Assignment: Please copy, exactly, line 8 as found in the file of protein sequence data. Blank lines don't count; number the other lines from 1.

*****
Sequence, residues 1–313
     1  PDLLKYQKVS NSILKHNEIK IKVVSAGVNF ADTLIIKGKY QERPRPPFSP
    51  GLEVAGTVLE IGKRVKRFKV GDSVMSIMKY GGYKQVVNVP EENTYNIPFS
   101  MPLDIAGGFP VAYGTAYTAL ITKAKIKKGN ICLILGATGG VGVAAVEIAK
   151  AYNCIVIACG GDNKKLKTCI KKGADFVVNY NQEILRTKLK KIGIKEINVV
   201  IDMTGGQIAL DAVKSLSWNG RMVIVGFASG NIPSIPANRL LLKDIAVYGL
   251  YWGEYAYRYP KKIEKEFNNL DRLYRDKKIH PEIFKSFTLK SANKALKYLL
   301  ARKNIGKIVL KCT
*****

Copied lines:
   301  ARKNIGKIVL KCT